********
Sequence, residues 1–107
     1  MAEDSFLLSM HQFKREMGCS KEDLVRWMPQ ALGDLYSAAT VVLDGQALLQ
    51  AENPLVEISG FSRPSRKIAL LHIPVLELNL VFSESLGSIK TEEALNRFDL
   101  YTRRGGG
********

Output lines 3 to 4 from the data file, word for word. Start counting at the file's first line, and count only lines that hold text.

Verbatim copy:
    51  AENPLVEISG FSRPSRKIAL LHIPVLELNL VFSESLGSIK TEEALNRFDL
   101  YTRRGGG